This phrase was coined by Michael Sacasas on his blog The Frailest Thing. He takes the term from Star Trek, where an aggressive alien race would announce upon invasion that “resistance is futile.” The “Borg Complex” describes the view that technology’s advancement is inevitable, and any argument against it is pointless and bound to fail.
This style of arguing simplifies and minimizes contradicting concerns. Worried about privacy policies online? How about the impact of open data on governance? The “Borg Complex” dismisses any concerns with what Sacasas calls “handwaving rhetoric.” It is “deployed to stop rather than advance discussion” and it also “also amounts to a refusal of responsibility.” After all, if the argument is circular it has nowhere to go. Believing in an absolute certainty crushes healthy debate before it can even get off the ground, and it allows the arguer to wash his hands of the subject in smug, righteous certainty.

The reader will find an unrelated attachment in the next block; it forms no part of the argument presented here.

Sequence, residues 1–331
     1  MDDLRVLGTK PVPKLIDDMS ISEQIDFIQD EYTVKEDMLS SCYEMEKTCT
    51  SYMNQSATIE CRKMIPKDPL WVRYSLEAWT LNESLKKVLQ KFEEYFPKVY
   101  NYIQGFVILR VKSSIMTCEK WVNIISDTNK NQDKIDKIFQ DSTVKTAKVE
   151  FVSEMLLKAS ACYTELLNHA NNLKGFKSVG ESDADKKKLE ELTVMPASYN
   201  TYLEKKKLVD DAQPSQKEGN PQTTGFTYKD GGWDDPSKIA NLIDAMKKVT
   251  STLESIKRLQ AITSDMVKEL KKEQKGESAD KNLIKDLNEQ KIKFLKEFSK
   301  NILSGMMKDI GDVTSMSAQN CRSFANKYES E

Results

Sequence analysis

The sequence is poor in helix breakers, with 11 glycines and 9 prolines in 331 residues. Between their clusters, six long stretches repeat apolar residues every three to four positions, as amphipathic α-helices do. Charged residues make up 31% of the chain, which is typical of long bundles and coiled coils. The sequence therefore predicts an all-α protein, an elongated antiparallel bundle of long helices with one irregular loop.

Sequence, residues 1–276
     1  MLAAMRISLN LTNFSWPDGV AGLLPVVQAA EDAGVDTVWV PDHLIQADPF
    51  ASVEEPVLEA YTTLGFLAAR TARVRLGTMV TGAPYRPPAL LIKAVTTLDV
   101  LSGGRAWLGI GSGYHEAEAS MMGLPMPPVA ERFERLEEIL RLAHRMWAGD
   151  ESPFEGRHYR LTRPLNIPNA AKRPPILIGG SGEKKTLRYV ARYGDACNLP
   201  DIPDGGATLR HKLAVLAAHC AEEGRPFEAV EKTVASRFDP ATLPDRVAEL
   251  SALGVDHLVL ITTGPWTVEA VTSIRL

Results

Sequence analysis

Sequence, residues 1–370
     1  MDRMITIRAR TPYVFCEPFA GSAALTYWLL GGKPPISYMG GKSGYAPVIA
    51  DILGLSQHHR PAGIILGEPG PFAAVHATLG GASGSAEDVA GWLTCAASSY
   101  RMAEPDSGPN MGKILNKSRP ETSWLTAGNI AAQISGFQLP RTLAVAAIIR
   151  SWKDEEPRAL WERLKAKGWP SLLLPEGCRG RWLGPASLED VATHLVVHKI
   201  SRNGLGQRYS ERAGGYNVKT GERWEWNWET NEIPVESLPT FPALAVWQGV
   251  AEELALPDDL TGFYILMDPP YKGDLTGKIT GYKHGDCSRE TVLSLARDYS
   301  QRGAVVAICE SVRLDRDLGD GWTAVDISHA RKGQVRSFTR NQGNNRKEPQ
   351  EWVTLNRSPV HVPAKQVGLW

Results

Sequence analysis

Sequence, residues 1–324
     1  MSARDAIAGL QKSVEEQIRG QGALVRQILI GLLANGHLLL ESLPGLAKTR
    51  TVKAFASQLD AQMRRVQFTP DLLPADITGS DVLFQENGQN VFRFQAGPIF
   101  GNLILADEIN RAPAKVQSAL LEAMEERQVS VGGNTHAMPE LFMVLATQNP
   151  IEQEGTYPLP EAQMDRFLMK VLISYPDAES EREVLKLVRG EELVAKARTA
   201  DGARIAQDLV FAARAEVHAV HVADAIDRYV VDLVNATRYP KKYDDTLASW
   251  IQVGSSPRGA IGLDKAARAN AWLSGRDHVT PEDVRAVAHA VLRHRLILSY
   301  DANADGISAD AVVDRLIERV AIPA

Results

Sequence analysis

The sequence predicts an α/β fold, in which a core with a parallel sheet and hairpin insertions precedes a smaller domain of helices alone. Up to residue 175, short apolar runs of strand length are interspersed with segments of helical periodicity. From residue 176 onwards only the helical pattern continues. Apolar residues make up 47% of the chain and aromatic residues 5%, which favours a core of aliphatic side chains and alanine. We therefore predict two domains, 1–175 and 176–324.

Sacasas also quotes Marshall McLuhan, who said: “There is absolutely no inevitability as long as there is a willingness to contemplate what is happening.” This is central to the issue of bad argument styles. The “Borg Complex” concerns technology, but really it’s just the latest incarnation of an argument style that states truth without justification. And, too often, readers will be convinced because they don’t stop to consider whether an argument is flawed, well supported, biased, or relevant.
The only cure for this type of argument: thought that allows for nuance, without predetermined answers.
If you’ve come across the “Borg Complex” in action let us know in the comments!